• • Rural Opportunities Consortium of Idaho •

If America Neglects Its Rural Schools, Nobody Wins

From Real Clear Education
Paul Hill

Moderate investments of time, money, and thought could unlock the potential of millions of students growing up, but it’s essentially going nowhere in rural areas.

Rural K-12 schools face unique challenges brought on by isolation, limited access to qualified faculty, declining economic bases, and community conflict over taxation and funding. Many face sudden changes in student population – declines in some places and rapid increases in others, the latter often due to influxes of children from former migrant worker families.

State and federal policies on school fundingand operation also pose challenges, as they often require bureaucratic capacities that small rural districts can’t and shouldn’t have. Categorical funding programs often force schools to spend money in ways that don’t fit rural needs. Rigid state teacher salary schedules make it difficult for rural schools to compete for talent.

Faced with these challenges, rural education leaders need to be nimble, imaginative and resourceful. Some display great imagination but others can be overwhelmed.

These are just a few of the conclusions from two years’ work by The Rural Opportunities Consortium Idaho, a task force of scholars and policy experts.  Sponsored by the J.A. and Kathryn Albertson Foundation of Boise, ROCI studied the challenges faced by rural K-12 schools and the difficulties rural students face in entering and completing college. Rural students nationally are more likely to complete high school, but far less likely to enter college than demographically similar urban students; those rural students who entered enter college are also much less likely to finish.

In its first year, ROCI focused on K-12 schools; its second year emphasized the factors affecting college success. It ended with definite ideas and practical steps on how Idaho (and other states with large rural populations) can strengthen rural schools and how to improve rural kids’ access to college degrees.

Read more here.


Rural Opportunities Consortium of Idaho to Host Education Event in Boise

(Boise) — The Rural Opportunities Consortium of Idaho (ROCI) will facilitate “EdScape: An In-Depth Look at the Education Landscape in Idaho” Dec. 7 and 8 in Boise.

The event will provide an opportunity for education leaders in Idaho to engage with experts from across the country and explore potential solutions to the state’s most pressing education issues like expanding teacher pipelines, new school models, and the high-school-to-college transition.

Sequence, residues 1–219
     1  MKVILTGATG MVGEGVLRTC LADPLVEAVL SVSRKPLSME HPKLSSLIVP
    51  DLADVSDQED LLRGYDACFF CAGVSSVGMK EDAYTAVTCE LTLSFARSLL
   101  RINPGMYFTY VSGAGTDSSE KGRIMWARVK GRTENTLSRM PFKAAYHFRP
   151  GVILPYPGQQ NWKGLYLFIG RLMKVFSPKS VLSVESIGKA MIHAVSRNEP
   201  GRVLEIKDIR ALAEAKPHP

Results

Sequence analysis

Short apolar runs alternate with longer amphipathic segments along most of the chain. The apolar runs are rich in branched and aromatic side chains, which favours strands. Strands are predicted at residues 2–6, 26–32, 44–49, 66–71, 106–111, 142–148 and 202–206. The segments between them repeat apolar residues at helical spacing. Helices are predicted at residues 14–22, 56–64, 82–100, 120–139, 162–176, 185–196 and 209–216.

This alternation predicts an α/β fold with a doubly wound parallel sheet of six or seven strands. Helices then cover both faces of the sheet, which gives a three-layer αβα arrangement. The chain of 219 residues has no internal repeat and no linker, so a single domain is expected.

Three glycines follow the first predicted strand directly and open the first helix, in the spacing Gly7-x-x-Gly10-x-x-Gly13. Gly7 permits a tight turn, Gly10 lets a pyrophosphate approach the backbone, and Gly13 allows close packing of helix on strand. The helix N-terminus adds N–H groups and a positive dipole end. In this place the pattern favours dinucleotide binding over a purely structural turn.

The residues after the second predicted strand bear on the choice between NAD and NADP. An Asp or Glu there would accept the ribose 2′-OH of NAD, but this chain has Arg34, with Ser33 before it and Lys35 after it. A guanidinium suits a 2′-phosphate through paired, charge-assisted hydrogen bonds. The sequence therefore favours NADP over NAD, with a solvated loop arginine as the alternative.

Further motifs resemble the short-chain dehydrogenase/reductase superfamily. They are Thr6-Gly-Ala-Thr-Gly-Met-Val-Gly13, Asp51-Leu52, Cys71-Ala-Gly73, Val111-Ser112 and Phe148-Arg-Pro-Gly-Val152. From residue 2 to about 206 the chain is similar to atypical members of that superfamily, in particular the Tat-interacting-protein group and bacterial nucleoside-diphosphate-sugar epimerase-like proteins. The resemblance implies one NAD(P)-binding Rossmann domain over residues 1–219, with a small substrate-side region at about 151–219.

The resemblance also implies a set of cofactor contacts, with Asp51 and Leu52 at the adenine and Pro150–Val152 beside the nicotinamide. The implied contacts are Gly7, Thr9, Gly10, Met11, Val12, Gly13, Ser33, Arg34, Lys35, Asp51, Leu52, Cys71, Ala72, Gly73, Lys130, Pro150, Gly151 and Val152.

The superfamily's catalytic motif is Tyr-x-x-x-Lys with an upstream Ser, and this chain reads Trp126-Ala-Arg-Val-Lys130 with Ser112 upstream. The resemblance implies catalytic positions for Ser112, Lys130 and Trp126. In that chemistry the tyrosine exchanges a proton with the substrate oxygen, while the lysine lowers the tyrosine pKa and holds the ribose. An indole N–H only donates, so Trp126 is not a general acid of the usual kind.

Presenters will include national and local researchers and practitioners. National experts will lend their experience analyzing and implementing education reform initiatives from across the country, while local experts and practitioners will provide local context and insight.

To facilitate a meeting environment hospitable to open dialogue, questioning, and discussion, media are asked to observe the Chatham House Rule and not attribute any statements to any specific attendee.

For additional details, contact Juliet Squire at juliet.squire@bellwethereducation.org.

Are Rural High Schools Short-changing Graduates?

From Ahead of the Heard
Jennifer Schiess

A paradox is at work in rural America.

On the one hand, students in rural schools demonstrate high levels of academic achievement. A higher percentage of students in rural schools achieve proficiency in both math and reading on the National Assessment of Education Progress (NAEP) than urban or suburban students. And high schools in rural communities post among the highest graduation rates. On the other hand, graduates from rural high schools are less likely to pursue post-secondary education than their non-rural peers, and rural parts of the country have lower educational attainment levels overall.

With over 65 percent of jobs projected to require some type of post-secondary education in a few short years, ensuring that rural graduates access and complete post-secondary training is critical. So why aren’t rural students going on to college?

Certainly multiple factors contribute to any student’s decision about pursuing post-secondary education regardless of where they live—financial concerns and family factors among them. And these factors are all at play in rural communities. But given the systematic difference in achievement data and graduation rates among rural schools, is there also something systematic about the fall off in post-secondary pursuits among their graduates? And if so, what role can public policy play in addressing it?

In a new paper released by the Rural Opportunities Consortium of Idaho (ROCI), an effort by the JA and Kathryn Albertson Foundation to bring attention and apply rigorous new research efforts to rural education, we aim to address the first question by asking whether the level of rigor in high school academics differs between rural and non-rural high schools. Rigor in high school coursework is the strongest predictor of post-secondary success, eclipsing even external factors like income and other student background characteristics. And while data limitations prevent us from drawing firm conclusions, all the data we analyzed point in the same direction—that rural students may, in fact, experience less rigor in high school.

Read more here.